Jimmy Wales, founder of Wikipedia and Wikia, has issued a free pass to a Wikipedia editor who lied about his background. In an incredible contradiction, Wales said of Wikipedia editor and Wikia employee Ryan Jordan (nee "Essjay"): "“I accepted his apology, because he is now, and has always been, an excellent editor with an exemplary track record.”
Unfortunately, Mr. Jordan lied about his background when describing himself on the pages of Wikipedia, claiming he held a tenured professorship and was anAn excellent editor doesn't lie about their background. expert in canon law, when, in fact, he apparently hasn't graduated college and is 24 years old (far younger than a tenured professor). He fabricated more than a line of his resume, he concocted a fake life to back up his opinions.
An excellent editor doesn't lie about their background. An excellent editor goes on the record and does not, as Mr. Wales contends, need a pseudonym to protect himself from critics.
Yet, here is what Mr. Wales
told reportedly said through a Wikipedia public relations officer, according to The New York Times: “I regard it as a pseudonym and I don’t really have a problem with it. Essjay apologized to me and to the community at large for any harm he may have caused, but he was acting in order to protect himself."
Pardon me, but what protection does Mr. Jordan need? We're talking about a marketplace of ideas, where, even if he was playing an authority in religious issues, Mr. Jordan also was editing Justin Timberlake's Wikipedia entry. St. Timberlake, of course, is the patron of frauds and poseurs.
Jordan didn't need to lie to the audience to participate in any of these discussions. What Jordan believed he needed was credibility, so he made it up out of whole cloth.
Apparently, Wikipedians have the courage to delete that Mr. Wales doesn't. The fake bio of "Essjay" has been deleted. Mr. Jordan no longer works for Wikia.
Mr. Wales should have acknowledged this impropriety instead of demonstrating a Bushian unwillingness to admit mistakes. Furthermore, Wales should explain why lying about one's background qualifies a person to work for a company like Wikia, which proposes to help communities to record accurate information.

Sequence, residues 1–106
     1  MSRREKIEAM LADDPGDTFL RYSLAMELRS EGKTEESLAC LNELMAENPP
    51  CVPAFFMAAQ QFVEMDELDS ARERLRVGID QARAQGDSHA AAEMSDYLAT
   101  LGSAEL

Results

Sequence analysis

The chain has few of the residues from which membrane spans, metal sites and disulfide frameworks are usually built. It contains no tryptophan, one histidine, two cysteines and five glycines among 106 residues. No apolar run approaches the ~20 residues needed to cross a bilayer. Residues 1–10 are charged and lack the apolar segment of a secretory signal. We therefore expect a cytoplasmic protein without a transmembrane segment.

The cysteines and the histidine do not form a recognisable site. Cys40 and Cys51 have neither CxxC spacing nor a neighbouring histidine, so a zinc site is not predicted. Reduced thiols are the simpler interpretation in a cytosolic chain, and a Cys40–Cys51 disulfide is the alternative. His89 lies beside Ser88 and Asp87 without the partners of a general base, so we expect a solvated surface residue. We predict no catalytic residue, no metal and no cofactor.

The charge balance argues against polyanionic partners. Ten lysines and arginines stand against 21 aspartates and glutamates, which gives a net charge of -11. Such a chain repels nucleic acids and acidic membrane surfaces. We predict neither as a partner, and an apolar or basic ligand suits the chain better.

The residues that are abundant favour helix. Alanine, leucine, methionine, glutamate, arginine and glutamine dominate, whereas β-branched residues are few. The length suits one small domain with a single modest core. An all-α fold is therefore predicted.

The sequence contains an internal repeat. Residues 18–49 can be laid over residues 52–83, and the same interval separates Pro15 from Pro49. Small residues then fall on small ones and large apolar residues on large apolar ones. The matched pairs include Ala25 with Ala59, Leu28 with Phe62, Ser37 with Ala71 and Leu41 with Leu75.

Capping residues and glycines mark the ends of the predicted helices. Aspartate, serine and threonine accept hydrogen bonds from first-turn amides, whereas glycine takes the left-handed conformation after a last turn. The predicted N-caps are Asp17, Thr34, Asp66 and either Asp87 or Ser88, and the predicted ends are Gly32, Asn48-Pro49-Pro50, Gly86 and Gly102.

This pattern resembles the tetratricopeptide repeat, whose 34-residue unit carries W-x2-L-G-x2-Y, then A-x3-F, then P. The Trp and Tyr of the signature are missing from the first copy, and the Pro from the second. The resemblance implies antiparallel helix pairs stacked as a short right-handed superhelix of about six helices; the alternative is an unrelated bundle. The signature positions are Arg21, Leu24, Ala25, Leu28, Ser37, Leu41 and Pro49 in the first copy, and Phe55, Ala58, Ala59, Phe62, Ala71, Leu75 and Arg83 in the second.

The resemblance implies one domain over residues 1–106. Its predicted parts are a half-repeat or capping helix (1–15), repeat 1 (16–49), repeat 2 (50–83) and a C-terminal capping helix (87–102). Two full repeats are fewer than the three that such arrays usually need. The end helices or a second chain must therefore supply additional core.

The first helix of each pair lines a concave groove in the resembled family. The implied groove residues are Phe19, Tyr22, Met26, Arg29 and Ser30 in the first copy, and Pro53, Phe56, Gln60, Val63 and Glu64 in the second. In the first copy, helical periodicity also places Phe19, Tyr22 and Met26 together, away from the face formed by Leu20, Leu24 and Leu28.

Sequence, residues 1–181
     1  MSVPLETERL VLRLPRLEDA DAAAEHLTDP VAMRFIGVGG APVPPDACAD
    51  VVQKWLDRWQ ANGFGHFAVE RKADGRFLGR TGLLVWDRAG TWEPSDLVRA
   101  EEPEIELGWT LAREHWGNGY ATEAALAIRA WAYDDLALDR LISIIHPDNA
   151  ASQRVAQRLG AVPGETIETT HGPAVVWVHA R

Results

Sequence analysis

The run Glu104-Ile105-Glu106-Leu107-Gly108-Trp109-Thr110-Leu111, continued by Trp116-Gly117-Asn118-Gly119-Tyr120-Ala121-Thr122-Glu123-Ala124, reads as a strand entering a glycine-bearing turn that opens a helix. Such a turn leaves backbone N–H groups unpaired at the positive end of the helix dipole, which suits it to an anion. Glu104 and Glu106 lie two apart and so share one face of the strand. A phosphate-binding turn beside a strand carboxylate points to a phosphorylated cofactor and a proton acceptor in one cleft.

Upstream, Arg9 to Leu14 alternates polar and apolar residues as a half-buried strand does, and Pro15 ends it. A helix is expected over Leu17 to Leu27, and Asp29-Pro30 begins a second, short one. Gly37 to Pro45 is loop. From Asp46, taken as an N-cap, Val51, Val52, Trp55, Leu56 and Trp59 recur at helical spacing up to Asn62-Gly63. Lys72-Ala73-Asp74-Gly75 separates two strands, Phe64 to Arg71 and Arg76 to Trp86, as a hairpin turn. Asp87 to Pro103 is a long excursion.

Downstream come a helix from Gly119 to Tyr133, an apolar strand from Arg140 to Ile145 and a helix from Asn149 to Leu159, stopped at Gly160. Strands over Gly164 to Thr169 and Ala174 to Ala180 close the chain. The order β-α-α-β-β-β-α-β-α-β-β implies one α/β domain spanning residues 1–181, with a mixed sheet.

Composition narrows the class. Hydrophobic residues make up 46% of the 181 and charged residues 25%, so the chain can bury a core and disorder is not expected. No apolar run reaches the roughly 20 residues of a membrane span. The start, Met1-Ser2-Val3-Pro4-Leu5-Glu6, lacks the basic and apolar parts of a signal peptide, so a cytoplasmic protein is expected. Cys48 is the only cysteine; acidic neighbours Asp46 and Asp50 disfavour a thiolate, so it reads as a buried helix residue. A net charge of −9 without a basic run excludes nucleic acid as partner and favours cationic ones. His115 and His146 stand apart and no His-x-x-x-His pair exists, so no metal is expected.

Wikia investors Amazon.com and Omidyar Network should demand some accountability from the company. At the very least, they should ask Mr. Wales to refer to Jordan by his real name rather than the pseudonymous name he used when passing as a Ph.D. Preserving the "Essjay" handle only disgraces the company that hired the fraudster.
Accountability is at least as important to the success of crowdsourcing as any individual's repututation. Mr. Jordan should have put his ideas into Wikipedia without falsified credentials and it reflects very poorly on the organization that this fraud has led to his earning a job with Wikia.
Let's use wikis to improve the world, not pollute it with bad information and fake degrees.
Disclosure: The author is on the board of advisors of Socialtext, a wiki developer, where Mr. Wales serves as director. You can see a graphical representation of our relationship here, but the investor map fails to reflect the author's common investment in BuzzLogic with Ron Conway.
UPDATE: Jimmy Wales emails: "I did not give Mr. Jordan a free pass, I fired him. I did not illustrate any refusal to admit mistakes, I did exactly the opposite. And far from exhibiting a lack of courage in deleting the article about him, I spearheaded the effort." In a separate email, Wales wrote: "I asked for, and received, his resignations from both Wikipedia and Wikia immediately upon learning of this breach of trust."
I have asked Mr. Wales for additional details, such as when he fired Jordan and the reasons for the firing, as well as when he endorsed Jordan in public statements. Hopefully, we can record an interview and get all the facts out so that they can be used to inform future situations involving breaches of trust in crowdsourced knowledge.